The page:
Cetaceans stranded in the Netherlands from 1998 to 2007
Lutra , Volume 51 - Issue 2 p. 87- 122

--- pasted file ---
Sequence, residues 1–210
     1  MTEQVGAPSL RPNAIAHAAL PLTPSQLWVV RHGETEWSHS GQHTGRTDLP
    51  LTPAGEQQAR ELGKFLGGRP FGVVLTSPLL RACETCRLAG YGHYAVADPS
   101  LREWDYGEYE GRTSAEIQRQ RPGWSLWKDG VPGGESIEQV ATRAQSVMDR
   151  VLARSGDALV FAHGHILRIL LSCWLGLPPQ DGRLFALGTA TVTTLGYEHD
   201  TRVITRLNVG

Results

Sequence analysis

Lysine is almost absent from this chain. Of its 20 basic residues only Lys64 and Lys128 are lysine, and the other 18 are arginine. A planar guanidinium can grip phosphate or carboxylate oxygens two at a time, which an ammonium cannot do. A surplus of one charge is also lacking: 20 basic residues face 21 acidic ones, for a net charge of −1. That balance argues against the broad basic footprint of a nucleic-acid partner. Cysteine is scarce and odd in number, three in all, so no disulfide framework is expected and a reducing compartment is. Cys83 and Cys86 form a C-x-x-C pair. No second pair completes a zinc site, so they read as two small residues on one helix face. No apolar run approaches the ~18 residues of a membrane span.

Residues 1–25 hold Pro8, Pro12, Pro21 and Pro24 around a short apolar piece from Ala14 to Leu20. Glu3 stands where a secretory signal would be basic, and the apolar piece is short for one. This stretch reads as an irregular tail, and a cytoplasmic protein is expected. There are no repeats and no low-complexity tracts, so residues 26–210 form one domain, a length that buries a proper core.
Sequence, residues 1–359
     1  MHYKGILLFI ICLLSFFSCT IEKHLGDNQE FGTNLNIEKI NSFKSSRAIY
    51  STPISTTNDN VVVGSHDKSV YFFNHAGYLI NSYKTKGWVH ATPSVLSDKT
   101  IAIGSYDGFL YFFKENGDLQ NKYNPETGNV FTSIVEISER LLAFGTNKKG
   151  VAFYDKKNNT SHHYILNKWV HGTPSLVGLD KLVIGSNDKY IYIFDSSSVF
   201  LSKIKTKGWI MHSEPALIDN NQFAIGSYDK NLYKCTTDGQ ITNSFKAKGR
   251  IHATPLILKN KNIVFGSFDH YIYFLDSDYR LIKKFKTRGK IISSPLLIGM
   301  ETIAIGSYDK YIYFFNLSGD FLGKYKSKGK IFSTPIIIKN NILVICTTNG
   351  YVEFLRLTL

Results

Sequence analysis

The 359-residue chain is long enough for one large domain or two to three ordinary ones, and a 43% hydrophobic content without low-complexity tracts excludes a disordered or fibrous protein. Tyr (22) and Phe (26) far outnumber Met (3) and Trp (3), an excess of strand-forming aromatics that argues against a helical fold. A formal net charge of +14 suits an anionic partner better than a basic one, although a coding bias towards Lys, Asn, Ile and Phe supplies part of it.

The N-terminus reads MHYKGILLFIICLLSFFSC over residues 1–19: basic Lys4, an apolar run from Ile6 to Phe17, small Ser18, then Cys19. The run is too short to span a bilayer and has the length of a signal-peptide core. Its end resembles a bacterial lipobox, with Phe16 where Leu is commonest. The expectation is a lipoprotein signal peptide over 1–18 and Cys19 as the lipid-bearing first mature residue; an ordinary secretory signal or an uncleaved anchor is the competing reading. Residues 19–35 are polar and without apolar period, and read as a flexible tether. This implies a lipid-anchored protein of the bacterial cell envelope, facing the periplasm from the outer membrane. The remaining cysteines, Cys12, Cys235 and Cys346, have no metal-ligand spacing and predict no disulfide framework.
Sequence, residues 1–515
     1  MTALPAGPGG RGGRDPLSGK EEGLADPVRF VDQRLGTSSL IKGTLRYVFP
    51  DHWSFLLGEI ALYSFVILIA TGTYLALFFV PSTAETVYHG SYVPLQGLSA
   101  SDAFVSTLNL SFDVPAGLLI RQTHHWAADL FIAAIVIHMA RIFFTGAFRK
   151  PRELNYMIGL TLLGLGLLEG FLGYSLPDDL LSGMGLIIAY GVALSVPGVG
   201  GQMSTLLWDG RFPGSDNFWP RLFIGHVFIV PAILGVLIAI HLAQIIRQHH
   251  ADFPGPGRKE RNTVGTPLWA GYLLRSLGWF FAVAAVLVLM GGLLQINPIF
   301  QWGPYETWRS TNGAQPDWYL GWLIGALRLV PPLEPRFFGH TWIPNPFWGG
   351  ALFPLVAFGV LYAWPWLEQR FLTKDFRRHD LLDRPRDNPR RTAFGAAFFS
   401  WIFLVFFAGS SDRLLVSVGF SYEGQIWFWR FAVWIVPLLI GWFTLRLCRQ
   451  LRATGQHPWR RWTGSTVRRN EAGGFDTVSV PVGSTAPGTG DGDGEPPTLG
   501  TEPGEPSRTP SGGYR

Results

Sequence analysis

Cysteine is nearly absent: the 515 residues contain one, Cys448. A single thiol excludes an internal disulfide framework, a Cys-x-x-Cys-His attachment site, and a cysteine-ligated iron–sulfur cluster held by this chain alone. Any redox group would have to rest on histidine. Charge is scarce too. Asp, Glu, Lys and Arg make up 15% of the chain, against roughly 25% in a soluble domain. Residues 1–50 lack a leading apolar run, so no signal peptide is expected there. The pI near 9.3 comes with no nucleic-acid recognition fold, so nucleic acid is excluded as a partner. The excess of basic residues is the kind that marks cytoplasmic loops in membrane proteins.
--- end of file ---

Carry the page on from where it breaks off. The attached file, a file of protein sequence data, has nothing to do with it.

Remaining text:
Between 1998 and 2007, 2063 cetaceans were found stranded in the Netherlands, representing at least 14 species. Two species, humpback whale (Megaptera novaeangliae) and Blainville’s beaked whale (Mesoplodon densirostris), are additions to the Dutch list. Apart from the first humpback whales, relatively many balaenopterid whales were found in comparison with previous decades. Range extension of recovering populations may explain part of this trend. However, the decline in strandings frequency in sperm whales (Physeter macrocephalus), another species with a slowly recovering Atlantic population but with a distinct peak in strandings in the 1990s, suggests that the factors underlying these changes are complex. During the 20th century, the strandings frequency of some dolphin species regularly occurring in the North Sea has changed markedly. Bottlenose dolphins (Tursiops truncatus) disappeared in the 1960s, common dolphins (Delphinus delphis) were fairly numerous during some decades in the mid-20th century, and white-beaked dolphins (Lagenorhynchus albirostris) became abundant and virtually replaced bottlenose dolphins in the strandings records since the 1970s. Numbers of stranded harbour porpoises (Phocoena phocoena) continued to increase over the years. All individual cases other than harbour porpoises are listed in this paper, reporting species, date, locality, reporter, sex, total length (TL), collected remains, and remarks. A total of 1968 reports of stranded harbour porpoises were received, ranging from 59 in 1998 to 539 in 2006. It is estimated that along the North Sea coast at least 19% more porpoises were washed ashore than were actually recorded. On the Wadden Sea islands, this discrepancy is estimated as at least 30%. The mean length of porpoises declined gradually with time and the sex ratio was male-biased in all subregions. From measurements (TL) it is concluded that circa 72% were juveniles, with small proportions of adults (15.5%; unsexed and ?? animals of TL>150 cm, // animals of TL>145 cm) and neonates or stillborns (12.4%; all porpoises of TL<90 cm). The predominance of males is evident only in juveniles (62.8%), whereas the sex ratio in adults and neonates is not significantly skewed. 20.2% of the females and 12.1% of the males are large enough to be regarded as sexually mature. The overall strandings pattern of the harbour porpoise is bimodal, with peaks in strandings in March-April and August. Presumed adults were proportionally numerous in winter (December- January) and in June, whereas about a quarter of all porpoises found in July, August and September were neonates or stillborn. At least ten porpoises were very large (TL estimated or measured >170 cm) and a minimum of 14 females were either pregnant or had recently given birth. It should be noted, however, that only a small proportion of the porpoises was checked for reproductive status. Foetuses ranged in length from 22 cm (December 2006) to 75 cm (May 2004). Many porpoises were decomposed when found and these were buried or removed and destroyed. At least 38 cases were reported with evident external signs of by-catches, another 17 carcasses had been heavily mutilated with knives. A combination of histopathology and gross pathology of 255 harbour porpoises found in the period 1990-2000 and in 2006 and 2007 suggested that between 50 and 60% of the animals showed signs of definite or probable by-catch in fishing gear. Many of the stranded porpoises found had come into conflict with fisheries and had died, as several of the larger (baleen) whales did. A dialogue with fisheries organisations is proposed to explore the issue further and to try and mitigate the problem.